Covid is impacting the business but shares for this sporting retailer just made a new high.
Second-half trading update to 2 January
- Revenues more than 5% ahead of comparative period
Sportwear retailer JD Sports Fashion (LSE:JD.) today outlined its expectations for full-year profit to be significantly ahead of current analyst forecasts of around £295 million, given strong online trading during pandemic forced temporary store closures.
Revenues for the second-half period to the start of January rose by more than 5% compared to last year, with full-year profit to the 30 January now expected to be at least £400 million.
JD Sports shares rose by more than 4% in UK trading, leaving them up around 7% over the last year. Shares for fellow clothing retailer Next (LSE:NXT) are up by 10% over the last year, while shares for US sporting goods maker Nike (NYSE:NKE) are up by more than 40%.
JD sells high fashion sporting items such as training shoes and branded clothes. It operates a portfolio of over 2,400 stores spread across the UK & Ireland, Europe, the USA and Asia Pacific and an online offering.
Looking ahead, the retailer also flagged its expectations for Covid-19 restrictions to run into the new financial year – particularly the first quarter. As such, its current best estimate is for profits to the end of January 2022 to be between 5% and 10% ahead of the current year.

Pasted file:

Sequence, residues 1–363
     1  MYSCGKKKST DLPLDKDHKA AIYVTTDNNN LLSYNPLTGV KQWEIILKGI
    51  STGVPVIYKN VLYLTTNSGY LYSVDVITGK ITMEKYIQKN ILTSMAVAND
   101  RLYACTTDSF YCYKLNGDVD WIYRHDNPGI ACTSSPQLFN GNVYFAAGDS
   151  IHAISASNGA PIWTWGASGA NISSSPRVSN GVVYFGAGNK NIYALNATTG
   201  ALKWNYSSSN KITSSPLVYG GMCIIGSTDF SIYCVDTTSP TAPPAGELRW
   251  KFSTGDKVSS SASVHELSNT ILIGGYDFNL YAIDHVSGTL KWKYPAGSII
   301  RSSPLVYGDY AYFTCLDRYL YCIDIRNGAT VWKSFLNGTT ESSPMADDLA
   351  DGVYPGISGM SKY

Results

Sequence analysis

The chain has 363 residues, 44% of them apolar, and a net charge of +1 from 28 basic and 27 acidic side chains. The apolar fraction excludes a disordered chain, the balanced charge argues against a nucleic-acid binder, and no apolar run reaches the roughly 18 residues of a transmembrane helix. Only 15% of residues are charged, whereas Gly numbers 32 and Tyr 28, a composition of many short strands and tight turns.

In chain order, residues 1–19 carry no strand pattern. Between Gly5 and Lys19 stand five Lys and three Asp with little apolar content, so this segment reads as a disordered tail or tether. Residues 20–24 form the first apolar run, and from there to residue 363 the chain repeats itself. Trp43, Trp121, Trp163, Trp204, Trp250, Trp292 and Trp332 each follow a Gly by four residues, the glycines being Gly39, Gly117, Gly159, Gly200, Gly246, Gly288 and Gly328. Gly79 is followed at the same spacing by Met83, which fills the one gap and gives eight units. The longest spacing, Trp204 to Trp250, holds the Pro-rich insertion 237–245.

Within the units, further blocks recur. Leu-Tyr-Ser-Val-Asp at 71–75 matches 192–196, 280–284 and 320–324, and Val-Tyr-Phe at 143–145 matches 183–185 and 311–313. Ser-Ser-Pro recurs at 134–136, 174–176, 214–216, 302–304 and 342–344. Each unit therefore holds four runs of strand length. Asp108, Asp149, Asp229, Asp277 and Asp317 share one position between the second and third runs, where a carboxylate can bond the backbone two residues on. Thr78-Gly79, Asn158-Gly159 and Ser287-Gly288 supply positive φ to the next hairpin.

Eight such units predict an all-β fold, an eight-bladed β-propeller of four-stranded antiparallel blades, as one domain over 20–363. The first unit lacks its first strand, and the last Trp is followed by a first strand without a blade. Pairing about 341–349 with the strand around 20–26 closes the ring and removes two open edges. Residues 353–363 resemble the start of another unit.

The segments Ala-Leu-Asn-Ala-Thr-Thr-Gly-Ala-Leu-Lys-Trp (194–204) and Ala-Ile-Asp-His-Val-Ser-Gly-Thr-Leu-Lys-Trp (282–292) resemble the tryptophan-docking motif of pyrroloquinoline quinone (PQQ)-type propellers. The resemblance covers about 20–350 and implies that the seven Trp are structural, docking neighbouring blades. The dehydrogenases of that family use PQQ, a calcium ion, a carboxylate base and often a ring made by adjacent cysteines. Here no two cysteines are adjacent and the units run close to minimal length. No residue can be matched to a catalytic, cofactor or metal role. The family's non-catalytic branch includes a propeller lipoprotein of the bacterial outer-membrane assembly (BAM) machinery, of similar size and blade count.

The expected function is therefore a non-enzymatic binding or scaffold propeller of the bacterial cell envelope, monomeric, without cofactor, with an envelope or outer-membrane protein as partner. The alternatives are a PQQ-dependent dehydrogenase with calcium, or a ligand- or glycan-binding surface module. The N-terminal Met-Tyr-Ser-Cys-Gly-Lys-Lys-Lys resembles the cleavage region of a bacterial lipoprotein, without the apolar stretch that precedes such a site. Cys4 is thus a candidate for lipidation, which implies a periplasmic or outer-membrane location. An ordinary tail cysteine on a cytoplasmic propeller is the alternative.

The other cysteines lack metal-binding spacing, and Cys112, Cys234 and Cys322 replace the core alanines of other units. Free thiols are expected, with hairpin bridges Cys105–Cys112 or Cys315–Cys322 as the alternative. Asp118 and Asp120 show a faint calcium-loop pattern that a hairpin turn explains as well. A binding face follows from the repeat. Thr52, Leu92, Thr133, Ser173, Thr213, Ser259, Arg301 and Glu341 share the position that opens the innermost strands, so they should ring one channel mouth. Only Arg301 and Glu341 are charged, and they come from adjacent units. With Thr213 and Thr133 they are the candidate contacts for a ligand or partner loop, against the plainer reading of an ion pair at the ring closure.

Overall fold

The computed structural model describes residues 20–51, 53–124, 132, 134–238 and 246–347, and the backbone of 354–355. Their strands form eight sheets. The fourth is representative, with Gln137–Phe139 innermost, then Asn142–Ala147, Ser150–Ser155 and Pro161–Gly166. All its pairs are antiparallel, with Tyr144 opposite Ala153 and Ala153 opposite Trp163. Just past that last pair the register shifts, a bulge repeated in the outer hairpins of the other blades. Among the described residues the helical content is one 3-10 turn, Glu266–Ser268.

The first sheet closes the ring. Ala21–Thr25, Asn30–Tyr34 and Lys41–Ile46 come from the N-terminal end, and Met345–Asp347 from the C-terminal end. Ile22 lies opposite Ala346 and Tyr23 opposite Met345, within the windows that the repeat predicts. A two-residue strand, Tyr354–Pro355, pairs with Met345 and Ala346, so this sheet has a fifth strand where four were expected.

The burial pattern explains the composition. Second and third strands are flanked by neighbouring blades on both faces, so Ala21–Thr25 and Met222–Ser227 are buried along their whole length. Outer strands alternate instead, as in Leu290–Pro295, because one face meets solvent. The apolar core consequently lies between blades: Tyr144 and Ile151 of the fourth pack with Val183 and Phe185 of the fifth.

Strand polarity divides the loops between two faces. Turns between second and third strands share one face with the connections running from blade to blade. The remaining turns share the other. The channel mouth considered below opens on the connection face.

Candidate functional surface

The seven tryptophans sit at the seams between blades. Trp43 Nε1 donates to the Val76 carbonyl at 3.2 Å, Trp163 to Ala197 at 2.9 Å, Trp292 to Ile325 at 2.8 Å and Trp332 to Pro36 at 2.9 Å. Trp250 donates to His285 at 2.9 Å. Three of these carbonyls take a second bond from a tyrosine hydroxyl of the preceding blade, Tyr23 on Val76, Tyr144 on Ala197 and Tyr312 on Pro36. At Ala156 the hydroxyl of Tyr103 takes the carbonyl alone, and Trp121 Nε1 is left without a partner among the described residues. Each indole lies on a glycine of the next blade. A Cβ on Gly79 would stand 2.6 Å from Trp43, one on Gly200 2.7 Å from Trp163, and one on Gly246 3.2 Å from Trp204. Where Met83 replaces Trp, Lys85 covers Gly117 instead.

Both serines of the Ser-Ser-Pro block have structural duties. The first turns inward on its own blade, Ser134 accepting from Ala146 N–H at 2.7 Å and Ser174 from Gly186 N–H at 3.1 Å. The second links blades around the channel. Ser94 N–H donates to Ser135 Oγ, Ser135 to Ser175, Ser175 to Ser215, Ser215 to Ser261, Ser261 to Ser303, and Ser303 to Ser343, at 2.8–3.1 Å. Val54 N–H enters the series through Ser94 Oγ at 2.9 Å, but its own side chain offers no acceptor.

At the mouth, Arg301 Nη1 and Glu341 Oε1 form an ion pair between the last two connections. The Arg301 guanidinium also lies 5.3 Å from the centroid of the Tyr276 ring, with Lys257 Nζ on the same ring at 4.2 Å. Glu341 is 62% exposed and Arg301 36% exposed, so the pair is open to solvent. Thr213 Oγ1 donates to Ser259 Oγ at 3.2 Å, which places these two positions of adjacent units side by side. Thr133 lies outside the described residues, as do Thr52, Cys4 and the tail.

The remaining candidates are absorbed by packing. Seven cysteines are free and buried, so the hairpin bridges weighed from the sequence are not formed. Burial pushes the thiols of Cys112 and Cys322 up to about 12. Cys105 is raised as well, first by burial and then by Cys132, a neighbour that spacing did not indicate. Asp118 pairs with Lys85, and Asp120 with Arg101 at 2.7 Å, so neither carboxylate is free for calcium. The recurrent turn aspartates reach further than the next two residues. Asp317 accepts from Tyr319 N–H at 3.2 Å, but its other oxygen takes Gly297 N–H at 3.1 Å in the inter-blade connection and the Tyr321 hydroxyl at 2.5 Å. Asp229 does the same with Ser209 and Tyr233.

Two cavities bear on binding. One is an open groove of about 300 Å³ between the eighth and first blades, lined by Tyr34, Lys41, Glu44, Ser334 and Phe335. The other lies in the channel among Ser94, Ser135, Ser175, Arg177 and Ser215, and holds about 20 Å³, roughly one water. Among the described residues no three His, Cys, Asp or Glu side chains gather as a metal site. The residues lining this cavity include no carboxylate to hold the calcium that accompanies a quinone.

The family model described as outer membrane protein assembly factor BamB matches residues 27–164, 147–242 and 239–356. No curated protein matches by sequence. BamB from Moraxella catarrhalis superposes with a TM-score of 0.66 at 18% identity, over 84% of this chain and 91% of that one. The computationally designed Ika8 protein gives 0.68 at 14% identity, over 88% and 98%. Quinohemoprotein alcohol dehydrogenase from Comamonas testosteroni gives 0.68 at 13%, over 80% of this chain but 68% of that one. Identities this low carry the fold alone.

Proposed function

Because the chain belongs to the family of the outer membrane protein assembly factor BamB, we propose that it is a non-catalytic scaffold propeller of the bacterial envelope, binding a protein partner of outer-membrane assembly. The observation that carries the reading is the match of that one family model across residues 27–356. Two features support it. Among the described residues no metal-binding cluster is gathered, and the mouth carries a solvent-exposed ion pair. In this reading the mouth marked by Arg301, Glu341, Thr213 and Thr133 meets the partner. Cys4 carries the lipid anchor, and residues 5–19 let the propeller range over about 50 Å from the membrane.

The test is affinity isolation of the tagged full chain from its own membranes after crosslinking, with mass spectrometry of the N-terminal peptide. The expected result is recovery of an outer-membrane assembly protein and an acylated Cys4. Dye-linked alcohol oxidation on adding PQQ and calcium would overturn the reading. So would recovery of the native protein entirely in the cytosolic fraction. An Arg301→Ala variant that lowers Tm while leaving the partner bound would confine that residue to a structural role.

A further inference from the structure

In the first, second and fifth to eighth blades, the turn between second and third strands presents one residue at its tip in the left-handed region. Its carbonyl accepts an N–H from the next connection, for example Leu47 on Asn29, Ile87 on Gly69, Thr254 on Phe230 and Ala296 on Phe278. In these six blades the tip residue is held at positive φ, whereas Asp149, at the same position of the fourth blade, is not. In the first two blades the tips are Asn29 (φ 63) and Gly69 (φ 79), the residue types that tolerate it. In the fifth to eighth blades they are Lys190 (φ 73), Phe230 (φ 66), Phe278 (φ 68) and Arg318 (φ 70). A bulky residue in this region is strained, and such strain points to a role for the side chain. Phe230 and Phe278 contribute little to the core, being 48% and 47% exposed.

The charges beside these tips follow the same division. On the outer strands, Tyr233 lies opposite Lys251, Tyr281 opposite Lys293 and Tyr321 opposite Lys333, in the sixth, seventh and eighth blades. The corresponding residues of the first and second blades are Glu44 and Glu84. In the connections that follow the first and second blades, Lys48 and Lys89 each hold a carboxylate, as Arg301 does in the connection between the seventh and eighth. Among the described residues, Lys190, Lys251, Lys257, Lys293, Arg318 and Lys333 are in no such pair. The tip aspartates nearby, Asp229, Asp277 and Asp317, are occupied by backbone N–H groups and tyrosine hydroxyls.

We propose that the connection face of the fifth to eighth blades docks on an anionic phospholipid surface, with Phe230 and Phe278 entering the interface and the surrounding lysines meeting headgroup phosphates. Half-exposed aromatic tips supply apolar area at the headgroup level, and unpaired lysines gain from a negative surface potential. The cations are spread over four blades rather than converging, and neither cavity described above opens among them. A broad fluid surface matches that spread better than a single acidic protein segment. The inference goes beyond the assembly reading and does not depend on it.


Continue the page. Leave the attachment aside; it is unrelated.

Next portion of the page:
According to broker Morgan Stanley, that would generate profits below the current Bloomberg consensus estimate of around £485 million, so expect cuts to forecast of around 10%.
Last month, JD purchased Shoe Palace for $325 million (£241 million), extending its US West Coast business. It also recently opened a JD flagship store in Times Square, New York.
Results for the current year to the 30 January are scheduled for 13 April.
JD Sports operates both brick & mortar store outlets and over 15 localised trading websites. Its brands include JD itself, Size?, Footpatrol and Finish Line. The UK accounts for the lion’s share of sales at over 40%, then the US and Europe at just over a quarter each, with Asia Pacific the balance.
For investors, ongoing pandemic-related temporary store closures are expected to continue dragging on performance. An estimated 2021 price/earnings (PE) ratio marginally above the general retail sector average also suggests the shares are not obviously cheap.
But the migration of its customers online offers reassurance that it is battling the pandemic from a position of strength. Its track record for expansion and acquisition is also strong, helping its shares rise significantly over the last 10 years. In all, and allowing for the retailer’s strong long-term track record, JD looks to remain deserving of investors’ continued support.
- Diversity of product, brand name and geographical location
- Net cash of £765 million as of 1st August 2020
- Ongoing pandemic uncertainty
- Possible Brexit trade disruption
The average rating of stock market analysts:
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